By Leigh Austin
In the opening scene of Robert O’Hara’s Bootycandy, a young boy stares at a dictionary, enthralled, trying to make sense of terms and situations he can’t quite understand. Words like “bootycandy” (his mother’s nickname for male genitalia), after all, have a myriad of cultural significances without holding a formal definition.
This struggle to understand ultimately becomes one of the play’s main themes as it presents us with vignettes related to the young boy’s life (loosely based on O’Hara’s experiences growing up gay and black) along with a series of mostly absurdist sketches. The play itself has moments of self-aware brilliance, such as a conference scene which explores the challenges of writing as a minority playwright in a world dominated by white institutions and their prescribed narratives, and moments where it reaches a bit too far (a scene that breaks the fourth wall to expose the artifice of theatre making comes across as heavy-handed). Yet, thanks to the incredibly talented cast featured in Windy City Playhouse’s production, the at times mismatched pieces add up to a hilarious and meaningful exploration of shaping and grappling with identity.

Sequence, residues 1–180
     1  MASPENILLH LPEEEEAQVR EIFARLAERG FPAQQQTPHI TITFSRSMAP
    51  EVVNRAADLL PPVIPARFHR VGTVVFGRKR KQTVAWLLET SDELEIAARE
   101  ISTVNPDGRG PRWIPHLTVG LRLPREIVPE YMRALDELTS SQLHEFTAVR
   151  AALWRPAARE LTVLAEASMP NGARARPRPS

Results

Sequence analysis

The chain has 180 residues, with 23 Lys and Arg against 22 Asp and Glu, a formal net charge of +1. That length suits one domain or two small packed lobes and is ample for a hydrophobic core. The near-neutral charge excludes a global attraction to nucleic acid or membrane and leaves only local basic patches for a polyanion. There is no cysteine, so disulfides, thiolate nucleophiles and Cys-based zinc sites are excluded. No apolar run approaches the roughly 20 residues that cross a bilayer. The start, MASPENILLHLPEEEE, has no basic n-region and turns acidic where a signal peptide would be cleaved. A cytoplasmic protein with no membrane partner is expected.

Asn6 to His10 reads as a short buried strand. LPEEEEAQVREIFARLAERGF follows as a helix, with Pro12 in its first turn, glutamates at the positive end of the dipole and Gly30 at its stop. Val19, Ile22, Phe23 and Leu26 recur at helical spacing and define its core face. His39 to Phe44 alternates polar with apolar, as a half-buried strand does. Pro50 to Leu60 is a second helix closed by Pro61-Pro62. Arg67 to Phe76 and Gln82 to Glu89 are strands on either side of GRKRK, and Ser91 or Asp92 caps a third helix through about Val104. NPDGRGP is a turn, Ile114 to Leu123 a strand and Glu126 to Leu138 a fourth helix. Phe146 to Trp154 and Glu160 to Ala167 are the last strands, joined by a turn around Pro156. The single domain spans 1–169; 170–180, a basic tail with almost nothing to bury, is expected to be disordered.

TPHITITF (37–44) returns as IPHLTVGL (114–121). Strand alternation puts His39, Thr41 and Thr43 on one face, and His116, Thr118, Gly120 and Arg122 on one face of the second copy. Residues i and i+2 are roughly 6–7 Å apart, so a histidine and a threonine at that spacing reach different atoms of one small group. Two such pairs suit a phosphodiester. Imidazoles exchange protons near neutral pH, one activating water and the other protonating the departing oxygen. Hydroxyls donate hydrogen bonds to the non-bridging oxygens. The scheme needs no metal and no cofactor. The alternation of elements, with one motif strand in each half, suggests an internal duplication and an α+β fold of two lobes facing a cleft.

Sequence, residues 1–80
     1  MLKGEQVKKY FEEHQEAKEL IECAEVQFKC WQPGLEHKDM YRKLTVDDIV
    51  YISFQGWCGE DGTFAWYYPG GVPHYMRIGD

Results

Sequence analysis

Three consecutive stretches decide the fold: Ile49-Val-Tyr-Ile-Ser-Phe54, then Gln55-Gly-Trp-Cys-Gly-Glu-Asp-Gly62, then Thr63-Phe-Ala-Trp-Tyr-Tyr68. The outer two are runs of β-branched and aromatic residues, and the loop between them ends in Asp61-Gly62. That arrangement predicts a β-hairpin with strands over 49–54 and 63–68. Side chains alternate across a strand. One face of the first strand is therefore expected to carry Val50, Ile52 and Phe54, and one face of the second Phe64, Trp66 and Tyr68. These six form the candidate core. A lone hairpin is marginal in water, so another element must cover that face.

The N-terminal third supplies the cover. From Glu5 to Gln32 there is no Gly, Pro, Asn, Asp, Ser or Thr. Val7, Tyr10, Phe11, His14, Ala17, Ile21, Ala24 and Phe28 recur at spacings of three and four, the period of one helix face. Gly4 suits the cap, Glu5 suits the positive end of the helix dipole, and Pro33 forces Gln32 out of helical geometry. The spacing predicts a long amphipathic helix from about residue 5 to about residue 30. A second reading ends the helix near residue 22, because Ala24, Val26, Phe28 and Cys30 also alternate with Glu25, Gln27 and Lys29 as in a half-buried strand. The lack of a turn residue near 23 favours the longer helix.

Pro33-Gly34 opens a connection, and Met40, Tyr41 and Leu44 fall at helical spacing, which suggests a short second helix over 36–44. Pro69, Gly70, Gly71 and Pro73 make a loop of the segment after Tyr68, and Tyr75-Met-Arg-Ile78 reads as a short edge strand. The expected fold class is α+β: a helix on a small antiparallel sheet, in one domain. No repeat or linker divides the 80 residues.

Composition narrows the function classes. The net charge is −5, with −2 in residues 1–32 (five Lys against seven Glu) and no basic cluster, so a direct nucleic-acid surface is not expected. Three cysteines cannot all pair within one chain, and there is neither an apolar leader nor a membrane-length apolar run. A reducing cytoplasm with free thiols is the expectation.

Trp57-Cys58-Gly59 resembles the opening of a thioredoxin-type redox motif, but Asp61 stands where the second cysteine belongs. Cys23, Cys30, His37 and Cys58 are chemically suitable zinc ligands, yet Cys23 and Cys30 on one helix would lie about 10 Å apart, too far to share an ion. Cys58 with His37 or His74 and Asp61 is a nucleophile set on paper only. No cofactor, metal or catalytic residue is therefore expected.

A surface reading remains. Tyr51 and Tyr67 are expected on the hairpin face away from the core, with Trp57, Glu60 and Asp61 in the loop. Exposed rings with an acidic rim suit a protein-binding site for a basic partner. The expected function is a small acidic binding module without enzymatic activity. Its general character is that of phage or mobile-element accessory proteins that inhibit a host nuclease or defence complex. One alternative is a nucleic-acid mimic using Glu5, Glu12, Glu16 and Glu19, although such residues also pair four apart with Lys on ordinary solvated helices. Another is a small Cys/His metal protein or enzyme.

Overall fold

Travis Turner (Actor Two), as O’Hara’s fictional counterpart Sutter, displays incredible range as he adeptly portrays a young boy, a troubled teenager, and a (potentially) psychologically disturbed adult. His final scene, a touching moment where he and his grandmother reflect on his childhood, has the perfect balance of humor and emotional resonance. Turner’s male counterparts Osiris Khepera (Actor Four) and Rob Fenton (Actor Five) respectively bring energy, flamboyance, and the requisite smarminess (as Fenton portrays the ignorant white host of conference on black playwrights) to their performances.
While all three men, especially Turner, shine, it is the show’s women that carry the play. Krystel McNeil’s (Actor One) vocal talents take center stage as she embodies each of her characters with a remarkably different physical and vocal presence, and Debrah Neal (Actor Three) follows suit, managing to make characters like Sutter’s mom appear both strikingly real and, at times, hilariously absurd.
The technical element leave a bit to be desired as the elaborate projections and lighting are offset by the lackluster costumes and props, but this tremendous ensemble breathes life into the show regardless of its technical or textual flaws. By the play’s conclusion, I, along with the rest of the audience, was ready to dance along with the cast to some Michael Jackson beats.
By Leigh Austin.
Bootycandy runs at Windy City Playhouse through April 15th.
The Hawk was a common name for the cold, winter wind in Chicago, possibly even predating "the Windy City." Additionally, a hawk can see up to eight times more clearly than the human eye.